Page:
Is The Pursuit Of Work-Life Balance Burning You Out?

Michelle McQuaid
4 min readApr 29, 2022
iStock:Dmytro Varavin

Three Evidence-Based Ways To Set Better Boundaries At Work

When it comes to balancing the opportunities and demands of your work and your life, how have you gone over the last week? If it’s felt like your “work” has often been competing with your “life,” know that you are in good company. Researchers have found that for many of us trying to find work-life balance can feel like a zero-sum game in which we are always making sacrifices.

But is there an alternative?

“Almost 30 years of research suggests that we don’t have to sacrifice the things that matter most to us in our personal lives in order to succeed in our careers,” explained Dr. Stewart Friedman, an organizational psychologist at Wharton Business School and founder of its Work/Life Integration Project, when we interviewed him recently. “In fact, our studies have found that we’re more likely to be successful, perform better, feel less stressed, and be more in harmony when we’re able to integrate the four key domains of our lives — our career, our family, our community, and ourselves (mind, body, spirit) — so that life is better in each of these areas.”

Stewart suggested that rather than seeking work-life balance we instead look for “Four-Way Wins” that benefit and enrich ourselves, our family, our community and our work. By seeing that these domains are interconnected, it makes it more likely we’ll find possibilities for enriching all the areas of our lives, rather than assuming that one must always come at the sacrifice of another.

Perhaps unsurprisingly, people who begin to apply the Four-Way Wins approach most often start by directing some their attention away from work and toward the other areas. While this may cause concern for some workplaces, paradoxically this redirection can result in better performance at work as well as the other domains because people are likely to be more grounded, less distracted, more focused, and intentional about the things that matter.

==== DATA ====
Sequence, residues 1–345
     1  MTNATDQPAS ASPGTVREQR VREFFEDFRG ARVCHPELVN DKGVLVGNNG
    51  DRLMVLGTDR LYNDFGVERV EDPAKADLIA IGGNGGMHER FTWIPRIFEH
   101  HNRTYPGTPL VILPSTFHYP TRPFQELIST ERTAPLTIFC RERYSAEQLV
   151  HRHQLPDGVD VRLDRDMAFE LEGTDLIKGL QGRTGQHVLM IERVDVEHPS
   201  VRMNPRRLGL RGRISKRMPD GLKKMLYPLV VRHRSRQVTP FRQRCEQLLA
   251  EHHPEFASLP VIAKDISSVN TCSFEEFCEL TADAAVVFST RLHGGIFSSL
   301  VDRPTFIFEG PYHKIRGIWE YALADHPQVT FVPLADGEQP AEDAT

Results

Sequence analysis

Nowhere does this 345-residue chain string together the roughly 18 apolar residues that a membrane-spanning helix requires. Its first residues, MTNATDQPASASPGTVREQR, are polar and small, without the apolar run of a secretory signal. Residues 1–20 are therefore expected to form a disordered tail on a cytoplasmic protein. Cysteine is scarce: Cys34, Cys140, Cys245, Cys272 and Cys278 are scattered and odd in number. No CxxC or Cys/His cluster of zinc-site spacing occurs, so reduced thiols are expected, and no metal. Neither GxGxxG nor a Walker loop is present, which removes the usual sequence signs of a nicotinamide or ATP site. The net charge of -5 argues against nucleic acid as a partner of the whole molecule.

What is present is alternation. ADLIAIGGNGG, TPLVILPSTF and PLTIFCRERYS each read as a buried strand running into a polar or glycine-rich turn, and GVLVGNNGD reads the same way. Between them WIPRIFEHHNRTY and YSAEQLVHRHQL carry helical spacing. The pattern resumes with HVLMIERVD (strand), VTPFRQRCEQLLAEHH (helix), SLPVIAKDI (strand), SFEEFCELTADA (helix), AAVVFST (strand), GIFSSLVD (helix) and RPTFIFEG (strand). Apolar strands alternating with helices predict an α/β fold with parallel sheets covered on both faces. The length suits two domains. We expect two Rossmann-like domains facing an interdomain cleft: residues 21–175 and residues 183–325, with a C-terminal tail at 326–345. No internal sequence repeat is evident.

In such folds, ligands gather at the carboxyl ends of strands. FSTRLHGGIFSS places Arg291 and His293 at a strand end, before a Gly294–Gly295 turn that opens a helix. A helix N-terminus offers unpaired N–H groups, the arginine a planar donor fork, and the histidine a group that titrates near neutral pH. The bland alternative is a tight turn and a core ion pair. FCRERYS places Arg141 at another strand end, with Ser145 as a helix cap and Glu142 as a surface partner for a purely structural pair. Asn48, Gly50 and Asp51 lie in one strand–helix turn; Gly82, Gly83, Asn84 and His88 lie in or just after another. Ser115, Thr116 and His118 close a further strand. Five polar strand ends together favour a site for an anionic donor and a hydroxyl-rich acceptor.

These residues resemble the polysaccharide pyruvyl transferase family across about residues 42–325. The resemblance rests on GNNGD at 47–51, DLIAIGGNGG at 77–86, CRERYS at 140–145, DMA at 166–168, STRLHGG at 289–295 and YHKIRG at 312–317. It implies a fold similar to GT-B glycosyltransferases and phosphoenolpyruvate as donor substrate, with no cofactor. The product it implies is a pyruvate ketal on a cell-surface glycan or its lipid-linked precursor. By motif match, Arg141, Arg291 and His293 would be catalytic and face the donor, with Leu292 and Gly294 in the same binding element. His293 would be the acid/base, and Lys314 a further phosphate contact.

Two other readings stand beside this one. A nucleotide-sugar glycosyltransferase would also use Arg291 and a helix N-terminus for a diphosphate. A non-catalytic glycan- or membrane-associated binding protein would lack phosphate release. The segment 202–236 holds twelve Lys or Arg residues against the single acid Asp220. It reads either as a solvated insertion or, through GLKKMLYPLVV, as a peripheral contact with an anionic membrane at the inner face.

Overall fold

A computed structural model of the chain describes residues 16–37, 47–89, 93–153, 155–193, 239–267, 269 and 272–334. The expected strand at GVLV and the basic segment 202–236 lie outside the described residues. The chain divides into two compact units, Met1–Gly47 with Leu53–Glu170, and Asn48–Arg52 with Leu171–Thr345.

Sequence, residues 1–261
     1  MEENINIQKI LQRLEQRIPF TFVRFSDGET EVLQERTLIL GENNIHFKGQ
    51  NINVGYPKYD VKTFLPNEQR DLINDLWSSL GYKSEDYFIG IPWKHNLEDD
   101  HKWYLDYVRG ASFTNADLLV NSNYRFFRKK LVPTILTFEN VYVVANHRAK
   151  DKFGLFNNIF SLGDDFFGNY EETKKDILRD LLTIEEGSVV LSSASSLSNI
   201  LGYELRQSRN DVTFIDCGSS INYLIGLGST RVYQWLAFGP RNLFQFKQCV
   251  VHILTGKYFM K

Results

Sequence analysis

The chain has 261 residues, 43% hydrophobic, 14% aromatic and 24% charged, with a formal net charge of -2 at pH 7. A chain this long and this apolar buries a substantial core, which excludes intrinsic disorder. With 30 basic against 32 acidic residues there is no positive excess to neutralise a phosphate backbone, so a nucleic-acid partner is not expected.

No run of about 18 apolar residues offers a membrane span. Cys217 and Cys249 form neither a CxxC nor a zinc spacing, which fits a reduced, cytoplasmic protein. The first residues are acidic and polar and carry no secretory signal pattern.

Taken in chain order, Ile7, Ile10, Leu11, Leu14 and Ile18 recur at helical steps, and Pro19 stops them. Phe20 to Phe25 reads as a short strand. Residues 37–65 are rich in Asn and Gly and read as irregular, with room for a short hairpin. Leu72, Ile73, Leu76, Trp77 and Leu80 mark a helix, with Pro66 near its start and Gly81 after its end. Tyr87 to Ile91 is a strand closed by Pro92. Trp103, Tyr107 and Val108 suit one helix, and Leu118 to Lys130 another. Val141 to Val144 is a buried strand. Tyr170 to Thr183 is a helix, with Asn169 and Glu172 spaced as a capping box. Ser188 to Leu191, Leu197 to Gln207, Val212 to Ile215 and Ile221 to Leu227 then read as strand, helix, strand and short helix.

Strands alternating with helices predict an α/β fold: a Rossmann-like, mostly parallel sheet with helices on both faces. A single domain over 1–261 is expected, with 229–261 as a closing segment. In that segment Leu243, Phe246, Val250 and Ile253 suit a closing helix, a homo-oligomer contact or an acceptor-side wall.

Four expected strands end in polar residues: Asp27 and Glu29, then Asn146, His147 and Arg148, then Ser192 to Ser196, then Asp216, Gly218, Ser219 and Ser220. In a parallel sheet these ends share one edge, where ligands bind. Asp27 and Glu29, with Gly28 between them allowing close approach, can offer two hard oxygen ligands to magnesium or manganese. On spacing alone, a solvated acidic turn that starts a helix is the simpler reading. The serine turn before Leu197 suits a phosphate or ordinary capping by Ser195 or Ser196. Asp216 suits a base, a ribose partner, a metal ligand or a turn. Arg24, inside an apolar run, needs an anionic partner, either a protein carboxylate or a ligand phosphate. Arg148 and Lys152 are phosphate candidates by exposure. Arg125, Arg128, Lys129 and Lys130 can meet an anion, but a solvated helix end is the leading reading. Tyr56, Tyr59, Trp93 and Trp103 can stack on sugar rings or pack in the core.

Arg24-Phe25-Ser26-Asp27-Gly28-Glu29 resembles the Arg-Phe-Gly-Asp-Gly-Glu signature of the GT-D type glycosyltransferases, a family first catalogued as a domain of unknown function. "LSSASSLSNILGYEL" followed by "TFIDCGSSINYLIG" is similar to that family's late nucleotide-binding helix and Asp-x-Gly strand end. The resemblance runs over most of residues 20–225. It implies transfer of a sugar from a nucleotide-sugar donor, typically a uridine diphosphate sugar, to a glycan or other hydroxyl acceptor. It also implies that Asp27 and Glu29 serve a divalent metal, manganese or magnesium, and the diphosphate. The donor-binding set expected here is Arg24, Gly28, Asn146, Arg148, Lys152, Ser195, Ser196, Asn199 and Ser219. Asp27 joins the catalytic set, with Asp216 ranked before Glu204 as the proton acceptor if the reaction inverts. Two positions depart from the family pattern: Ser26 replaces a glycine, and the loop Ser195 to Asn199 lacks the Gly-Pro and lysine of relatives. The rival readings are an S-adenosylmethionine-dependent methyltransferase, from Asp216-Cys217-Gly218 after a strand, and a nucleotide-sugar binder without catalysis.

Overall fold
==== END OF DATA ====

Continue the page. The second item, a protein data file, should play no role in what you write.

Unfortunately, Stewart’s research has found that currently many of us rate our satisfaction with each of the four domains, on average, around five out of ten. So, what can we try to improve our “Four-Way Wins”? He recommends:

  • Be real — Creating more harmony and connection in the different parts of your life starts with being real about your values and your vision. It takes looking within yourself and clarifying what matters most. What are your values? What do you care about most? Where have you come from? Where do you want to go?

Try this effective way to articulate your vision by taking a few minutes to describe a day exactly 15 years from today. Imagine, ideally, what happens on that day? You wake up, what do you do? What do you do in the morning? In the afternoon? In the evening? Who are you with? Who are you interacting with? And most importantly, why are you doing what you’re doing? What’s the impact that you’re having? What’s the legacy that you’re creating?

Articulating your values and vision, and then sharing them with others can create the foundation for taking meaningful, productive action as a leader, and generate more support as others understand what you’re about, and see how they’ll benefit from your vision.

  • Be whole — Recognize and respect yourself and others as a whole person. Ask yourself why the four domains of life matter to you? Who are the people who matter most to you? Why do they matter to you? How do they fit with your values, your vision of yourself, and your life as a leader? Rather than assuming you know what others expect of you, talk with them about what they actually need. And then be able to listen, inquire, and help others feel comfortable telling you what they need from you, as well as expressing what you need from them.
  • Be innovative — Experiment with ways to make things better for yourself, the people who matter most to you, and the world around you. Set yourself a specific goal — such as turning off technology, mindfulness training, exercise, going for walks, reading books — and consider how this might improve the four domains. No matter what you choose to do, the key is to think that it isn’t just for you, your work, family, and community, but rather it’s for each of these, even if it’ll only have an indirect or ripple effect. Then try it for a month and see what does and doesn’t work. Think of your world as a kind of laboratory in which you’re the scientist discovering new knowledge about what it takes for you to create meaningful change. This can help you feel more confident about trying something new, and also can help you feel less guilty about focusing on you, as you’re making things better for you and others.

How might you find more balance between the areas of your life that matter to the most?

For a series of simple free assessments from Stewart and his team click here.